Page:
Anyone Tried UEFI Boot?

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Anyone Tried UEFI Boot?

Postposted on Mon Feb 09, 2009 10:40 am

Anyone running Vista x64 done so with UEFI? Just curious. I'm thinking of doing a clean install of Vista x64 SP1. I found out my motherboard, an Intel DP35DP has a UEFI firmware that defaults to booting with BIOS emulation. There is an option to enable UEFI boot. The instructions for installing Vista SP1 to UEFI are a little more difficult but it shouldn't be too much of a problem. Just curious if anyone else has taken the plunge of doing away with BIOS?

Down with BIOS!
Taddeusz
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Re: Anyone Tried UEFI Boot?

Postposted on Mon Feb 09, 2009 5:10 pm

I'm actually giving this some additional thought. I've been reading some more on Intel's implementation of UEFI and I've come back a little unimpressed. Apparently in order to enable UEFI on my DP35DP board I have to set my SATA to "Legacy IDE" mode. Apparently Intel's UEFI implementation doesn't have drivers for AHCI. So right now I'm thinking about just taking a spare hard drive and testing an installation on it before I commit a full install to UEFI.

Apparently their UEFI implementation is also more or less a work in progress. There were some firmware versions where the UEFI failed to work at all and people were forced to downgrade so their computer would again be bootable. So it seems that UEFI while exciting in that it does away with BIOS is not really ready for prime time.

Edit: Not to mention the fact that apparently Intel refuses to support use of UEFI on their desktop motherboards.
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Re: Anyone Tried UEFI Boot?

Postposted on Sun Feb 22, 2009 2:28 am

I found out my motherboard, an Intel DP35DP has a UEFI firmware that defaults to booting with BIOS emulation.


I've done that. If you try this, ensure you're using a recent BIOS, since Intel's 3-series motherboards had pretty broken support around this time last year.

One of the problems with these motherboards is that they only have a 4 Mbit EEPROM flash chip, with the result that you won't be able to install to any drives in AHCI or Native IDE mode. You'll need to switch the SATA controller to legacy mode (so that the int 0x13 interfaces are available), since that is the only mode the UEFI firmware supports for UEFI boot. (The upshot of this is that when you boot up the Vista x64 SP1 installer with UEFI Boot turned on, it will refuse to install to any drives in AHCI or Native IDE mode, complaining that the system cannot boot off them, which it really can't.)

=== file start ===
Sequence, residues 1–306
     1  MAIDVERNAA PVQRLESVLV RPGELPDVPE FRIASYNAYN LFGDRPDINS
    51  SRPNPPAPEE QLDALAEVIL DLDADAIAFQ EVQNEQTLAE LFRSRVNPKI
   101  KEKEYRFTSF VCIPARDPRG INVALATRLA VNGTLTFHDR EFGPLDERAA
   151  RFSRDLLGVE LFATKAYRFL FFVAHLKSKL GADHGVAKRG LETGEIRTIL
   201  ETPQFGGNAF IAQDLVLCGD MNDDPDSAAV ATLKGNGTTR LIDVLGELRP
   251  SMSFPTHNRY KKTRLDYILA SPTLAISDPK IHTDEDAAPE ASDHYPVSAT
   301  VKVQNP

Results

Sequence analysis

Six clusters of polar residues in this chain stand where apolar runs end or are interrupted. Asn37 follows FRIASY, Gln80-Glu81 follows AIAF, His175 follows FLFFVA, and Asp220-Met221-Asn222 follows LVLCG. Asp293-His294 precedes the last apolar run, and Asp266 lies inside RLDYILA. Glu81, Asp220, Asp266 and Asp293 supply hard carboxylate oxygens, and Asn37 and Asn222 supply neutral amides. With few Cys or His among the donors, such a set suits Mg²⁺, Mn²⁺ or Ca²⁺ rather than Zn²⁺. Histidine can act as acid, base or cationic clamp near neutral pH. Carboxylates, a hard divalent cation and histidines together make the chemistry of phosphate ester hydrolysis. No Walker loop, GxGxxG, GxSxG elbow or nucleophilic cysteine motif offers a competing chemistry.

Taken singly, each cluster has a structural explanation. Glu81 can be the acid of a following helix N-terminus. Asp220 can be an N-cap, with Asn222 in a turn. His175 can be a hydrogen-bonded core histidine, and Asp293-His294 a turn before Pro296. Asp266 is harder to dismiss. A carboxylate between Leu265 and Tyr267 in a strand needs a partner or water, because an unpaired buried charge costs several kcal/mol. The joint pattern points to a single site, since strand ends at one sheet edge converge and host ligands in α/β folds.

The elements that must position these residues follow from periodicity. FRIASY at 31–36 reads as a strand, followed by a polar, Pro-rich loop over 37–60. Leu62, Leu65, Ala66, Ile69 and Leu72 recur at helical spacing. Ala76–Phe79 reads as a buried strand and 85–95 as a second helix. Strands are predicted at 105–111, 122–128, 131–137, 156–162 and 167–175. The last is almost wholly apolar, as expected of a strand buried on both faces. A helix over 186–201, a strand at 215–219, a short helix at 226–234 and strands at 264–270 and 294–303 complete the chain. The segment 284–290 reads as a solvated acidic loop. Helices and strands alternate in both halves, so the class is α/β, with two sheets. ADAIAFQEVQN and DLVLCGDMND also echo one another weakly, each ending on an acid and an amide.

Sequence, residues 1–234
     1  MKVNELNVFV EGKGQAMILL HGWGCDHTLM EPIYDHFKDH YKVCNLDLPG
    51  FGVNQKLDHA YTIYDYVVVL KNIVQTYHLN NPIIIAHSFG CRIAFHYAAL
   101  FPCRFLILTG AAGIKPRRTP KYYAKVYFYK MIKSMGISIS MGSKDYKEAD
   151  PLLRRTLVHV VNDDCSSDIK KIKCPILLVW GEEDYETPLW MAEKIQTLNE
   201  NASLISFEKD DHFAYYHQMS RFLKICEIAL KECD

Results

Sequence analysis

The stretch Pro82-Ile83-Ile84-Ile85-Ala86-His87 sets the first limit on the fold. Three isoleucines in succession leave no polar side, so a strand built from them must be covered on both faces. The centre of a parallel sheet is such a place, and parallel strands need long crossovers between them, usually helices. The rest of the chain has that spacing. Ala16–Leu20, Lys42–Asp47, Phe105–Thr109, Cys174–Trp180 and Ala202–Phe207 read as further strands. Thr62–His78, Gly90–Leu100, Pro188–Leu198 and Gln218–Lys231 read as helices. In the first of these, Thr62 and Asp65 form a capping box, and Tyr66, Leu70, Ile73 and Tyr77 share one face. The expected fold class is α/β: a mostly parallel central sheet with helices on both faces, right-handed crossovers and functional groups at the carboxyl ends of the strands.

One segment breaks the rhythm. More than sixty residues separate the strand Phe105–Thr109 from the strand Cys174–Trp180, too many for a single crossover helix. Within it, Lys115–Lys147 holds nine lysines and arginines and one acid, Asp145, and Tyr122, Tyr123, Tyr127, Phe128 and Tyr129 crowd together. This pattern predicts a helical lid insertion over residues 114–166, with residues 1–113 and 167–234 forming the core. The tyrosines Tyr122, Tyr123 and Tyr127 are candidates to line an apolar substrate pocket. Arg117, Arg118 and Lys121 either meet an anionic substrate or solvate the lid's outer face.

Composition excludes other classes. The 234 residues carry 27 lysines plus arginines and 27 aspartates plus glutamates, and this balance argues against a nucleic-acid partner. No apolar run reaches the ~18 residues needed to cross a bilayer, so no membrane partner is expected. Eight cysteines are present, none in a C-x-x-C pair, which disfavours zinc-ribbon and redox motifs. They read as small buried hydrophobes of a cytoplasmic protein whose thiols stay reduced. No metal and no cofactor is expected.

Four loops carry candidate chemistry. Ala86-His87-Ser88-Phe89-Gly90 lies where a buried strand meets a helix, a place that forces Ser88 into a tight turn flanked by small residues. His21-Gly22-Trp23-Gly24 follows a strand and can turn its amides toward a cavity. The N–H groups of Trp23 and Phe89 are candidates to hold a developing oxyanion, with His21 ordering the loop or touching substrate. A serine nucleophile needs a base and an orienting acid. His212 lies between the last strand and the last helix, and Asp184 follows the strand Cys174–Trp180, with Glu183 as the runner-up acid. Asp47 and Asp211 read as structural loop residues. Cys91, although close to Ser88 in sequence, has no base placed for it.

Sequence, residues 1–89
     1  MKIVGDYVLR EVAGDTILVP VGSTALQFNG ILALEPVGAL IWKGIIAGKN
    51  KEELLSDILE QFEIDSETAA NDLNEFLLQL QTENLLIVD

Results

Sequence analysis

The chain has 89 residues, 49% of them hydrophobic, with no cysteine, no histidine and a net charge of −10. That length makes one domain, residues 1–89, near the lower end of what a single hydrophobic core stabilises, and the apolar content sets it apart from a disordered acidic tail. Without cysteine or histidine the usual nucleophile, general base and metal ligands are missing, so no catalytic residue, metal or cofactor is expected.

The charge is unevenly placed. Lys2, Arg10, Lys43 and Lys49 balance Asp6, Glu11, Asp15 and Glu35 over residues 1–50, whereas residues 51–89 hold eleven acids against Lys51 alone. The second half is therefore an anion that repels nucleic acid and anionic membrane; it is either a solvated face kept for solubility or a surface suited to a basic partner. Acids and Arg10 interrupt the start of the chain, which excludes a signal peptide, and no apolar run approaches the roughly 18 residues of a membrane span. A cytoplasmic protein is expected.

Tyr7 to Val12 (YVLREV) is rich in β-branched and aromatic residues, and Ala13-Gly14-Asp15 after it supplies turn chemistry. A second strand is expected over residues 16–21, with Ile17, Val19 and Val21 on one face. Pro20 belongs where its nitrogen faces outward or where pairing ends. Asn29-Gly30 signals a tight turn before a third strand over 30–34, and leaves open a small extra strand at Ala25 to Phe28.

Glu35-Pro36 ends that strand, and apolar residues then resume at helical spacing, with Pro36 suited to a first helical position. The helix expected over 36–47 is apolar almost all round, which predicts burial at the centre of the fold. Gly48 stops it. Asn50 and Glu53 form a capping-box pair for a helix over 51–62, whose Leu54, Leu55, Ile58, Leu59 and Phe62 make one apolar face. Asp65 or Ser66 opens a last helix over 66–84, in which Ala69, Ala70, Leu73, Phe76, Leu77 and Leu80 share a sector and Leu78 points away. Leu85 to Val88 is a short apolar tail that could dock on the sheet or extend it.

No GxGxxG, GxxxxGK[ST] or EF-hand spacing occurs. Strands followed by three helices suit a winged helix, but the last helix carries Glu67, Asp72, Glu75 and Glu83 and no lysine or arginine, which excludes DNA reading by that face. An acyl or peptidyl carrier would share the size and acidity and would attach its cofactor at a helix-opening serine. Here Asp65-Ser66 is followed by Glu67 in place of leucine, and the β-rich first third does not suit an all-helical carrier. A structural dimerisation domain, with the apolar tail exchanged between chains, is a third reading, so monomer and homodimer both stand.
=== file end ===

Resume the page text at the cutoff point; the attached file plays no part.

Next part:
This of course also means no firmware RAID support for UEFI boot.

Another issue is that the EFI boot list in the NVRAM takes precedence over the boot order you specify in the BIOS setup. So if you have installed Vista x64 SP1 in UEFI mode, the installer places an entry in the EFI NVRAM that causes the motherboard to boot off it. If you now wipe the drive, at least with older BIOSes you couldn't boot at all unless you used the F10 key to explicitly pick a device every boot. Someone ran into this problem and PMed me on the Ars forums. At that point even if you try to boot off the Vista installer DVD, it won't bother booting off it. This issue persisted even if you turned off UEFI Boot in the BIOS setup.

It's my understanding that the last few BIOSes have this problem fixed, and now if the EFI boot list doesn't have any valid entries it'll proceed with legacy BIOS boot instead.

The 4-series boards from Intel have a four-times larger flash chip (32 Mbit), and their UEFI boot firmware does support booting off AHCI and I think RAID. With the 3-series boards I was rather disenchanted with the lack of support.

(In particular, I'm a Linux user, and trying to dual-boot Linux with Windows in UEFI mode would require the use of a UEFI shell, since Linux would also have to do UEFI boot, and the only UEFI bootloaders available for Linux need to have entries explicitly placed for them in the EFI NVRAM boot list via an EFI shell. Unlike the Windows installation DVD-ROM, Linux distros still don't have UEFI-enabled boot images that can start the installer via UEFI and thus be able to manipulate the EFI boot list to add an entry. The Intel desktop boards all lack an EFI shell altogether, so Linux cannot be installed on them via UEFI boot. So I found the UEFI support on my DG33FB−which uses the same firmware as your DP35DP−to be rather underwhelming.)